In conclusion, the skin is the human body’s largest organ, comprising some 16 ft2 to 22 ft2 of epidermis, dermis, and hypodermis and up to 50% of the body’s fat and, as such, any factors affecting the skin’s health will impact the body’s health as a whole. This two-part review has illustrated that air pollution is ubiquitous and exercises a surprisingly extensive effect on human skin health, in particular:
 
  1. The transdermal absorption of alarmingly large quantities of pre-radicals, sometimes accounting for 50%, or more, of bloodstream content of these substances, as compared to the amount(s) derived from inhalation;
  2. Ozone-based depletion of endogenous antioxidants; viz., vitamins E, and consequent depletion of vitamin C;
  3. In synergy with UV photo-oxidative mechanisms to deplete epidermal surface vitamin C and vitamins E levels; as well as
  4. Interacting with UV radiation to photoconvert air pollutant-derived dermally absorbed pre-radicals into active radicals.
These air pollution insults on human skin, with or without UV-complicit exacerbation, which, if not treated, will not only result in serious chronic skin pathologies, such as cancer or loss of epidermal barrier function, but will ultimately result in organismal antioxidant defense system failure. Therefore, antioxidant countermeasures are necessary to ameliorate these insults to skin health.

The most effective countermeasures are topical applications of antioxidants to the skin at the point of insult. Vitamin C and E vitamins are the most prominent candidates as ingredients in such applications because they are:
  • Two of the primary antioxidants in the skin;
  • Easily obtainable from several sources; and
  • Effectively absorbed into the skin, under appropriate conditions.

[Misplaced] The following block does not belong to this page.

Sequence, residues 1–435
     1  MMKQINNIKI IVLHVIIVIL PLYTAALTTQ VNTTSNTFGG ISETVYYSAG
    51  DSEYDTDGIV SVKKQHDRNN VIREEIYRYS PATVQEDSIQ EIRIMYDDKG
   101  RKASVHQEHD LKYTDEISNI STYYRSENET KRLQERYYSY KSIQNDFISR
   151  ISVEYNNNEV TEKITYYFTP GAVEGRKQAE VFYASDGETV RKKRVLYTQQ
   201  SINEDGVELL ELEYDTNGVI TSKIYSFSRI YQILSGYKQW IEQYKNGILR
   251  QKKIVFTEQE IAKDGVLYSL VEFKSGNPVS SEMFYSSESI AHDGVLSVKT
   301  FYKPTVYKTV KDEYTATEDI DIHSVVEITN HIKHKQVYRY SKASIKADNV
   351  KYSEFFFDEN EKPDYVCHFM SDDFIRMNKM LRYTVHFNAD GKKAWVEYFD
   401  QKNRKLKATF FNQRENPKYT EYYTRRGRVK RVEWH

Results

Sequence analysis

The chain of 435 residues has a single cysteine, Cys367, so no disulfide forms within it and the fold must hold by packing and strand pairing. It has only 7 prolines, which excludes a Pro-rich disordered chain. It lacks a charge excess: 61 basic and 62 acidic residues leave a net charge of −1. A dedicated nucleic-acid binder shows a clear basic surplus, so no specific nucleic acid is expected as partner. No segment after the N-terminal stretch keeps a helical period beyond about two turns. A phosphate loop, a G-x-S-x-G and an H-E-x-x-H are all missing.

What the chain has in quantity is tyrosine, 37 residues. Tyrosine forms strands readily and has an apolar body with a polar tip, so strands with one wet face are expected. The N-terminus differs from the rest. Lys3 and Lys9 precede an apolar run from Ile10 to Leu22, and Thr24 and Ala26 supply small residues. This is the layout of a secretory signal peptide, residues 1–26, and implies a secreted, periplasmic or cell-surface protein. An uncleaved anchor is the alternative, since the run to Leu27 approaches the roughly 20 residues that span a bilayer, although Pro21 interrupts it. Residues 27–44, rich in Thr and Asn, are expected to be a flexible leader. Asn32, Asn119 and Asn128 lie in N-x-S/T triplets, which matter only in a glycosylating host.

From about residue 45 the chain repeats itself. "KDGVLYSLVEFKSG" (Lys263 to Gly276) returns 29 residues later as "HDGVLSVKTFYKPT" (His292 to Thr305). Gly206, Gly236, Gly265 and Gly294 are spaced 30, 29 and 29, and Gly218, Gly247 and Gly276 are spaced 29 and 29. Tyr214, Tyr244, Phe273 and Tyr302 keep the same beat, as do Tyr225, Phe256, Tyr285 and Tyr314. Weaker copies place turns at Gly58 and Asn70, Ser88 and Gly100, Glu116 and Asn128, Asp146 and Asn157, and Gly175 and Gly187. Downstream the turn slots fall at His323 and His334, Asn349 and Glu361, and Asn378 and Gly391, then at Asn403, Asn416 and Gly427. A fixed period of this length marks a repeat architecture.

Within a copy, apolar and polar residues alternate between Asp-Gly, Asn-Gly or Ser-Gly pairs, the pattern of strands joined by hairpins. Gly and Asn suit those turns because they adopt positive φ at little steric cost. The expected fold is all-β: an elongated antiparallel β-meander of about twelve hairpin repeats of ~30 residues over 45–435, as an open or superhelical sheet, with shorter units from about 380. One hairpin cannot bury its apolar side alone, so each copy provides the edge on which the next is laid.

Thus effective topical antioxidant formulations designed for dermally absorbed air-pollutant skin protection should include both vitamin C and E vitamins, both stabilized with additional antioxidants and photoprotective sunscreens, with vitamin C being the more effective photoprotectant in the UVA range, and E vitamins being more effective in the UVB range, are absorbed into different areas of the skin, with the E vitamins absorbing into the lipid-phase compartments and vitamin C into the aqueous-phase compartments and mutually stabilize each other.

Acknowledgement
I would like to thank Mustapha El Kouni for the extensive research and support in writing these two columns.

A Ray of Sunshine on Capitol Hill
• Who says government is broken? On April 8 and 9 members of the PASS Coalition (Public Access to Sunscreens) went to Washington DC to meet with staffers of 18 senators and congressmen on Capitol Hill.  Walking through the halls of this great institution is always an inspiration. Democracy at its best—in action! Our meetings were fascinating and productive. We were divided into two teams. Team UVA met with staffers for Representatives Capps (D-CA-24), Maloney (D-NY-12), Matheson (D-UT-4), Castor (D-FL-14), Cooper (D-TN-5), Gingrey (R-GA-11), Blackburn (R-TN-7), Griffin (R-AR-2), Bilirakis (R-FL-12) and Senators Sanders (I-VT) and Hagan (D-NC).  Team UVB met with staffers for Representatives Dent (R-PA-15) and Senators Whitehouse (D-RI), Roberts (R-KS), Burr (R-NC), Warren (D-MA), Baldwin (D-WI) and McConnell (R-KY).  Without exception, our message to Congress was well received and promises to co-sponsor and support for the current bipartisan and bicameral bills were heard.

On April 7, the House had a hearing on HR 4250 (Sunscreen Innovation Act) that was attended by Dr. Janet Woodcock, the director of the FDA.  She faced tough and direct questioning by many members of the House, especially by the bills sponsor, Congressman John Dingell (D-MI).  The process is moving ahead and we hope and believe that the bill will pass in the near future paving the way for much needed reforms in the regulations of the US sunscreen industry. See: www.youtube.com/watch?v=LLNEtD_sIdA Bills S.2141/HR4250­—as it stands has four primary components: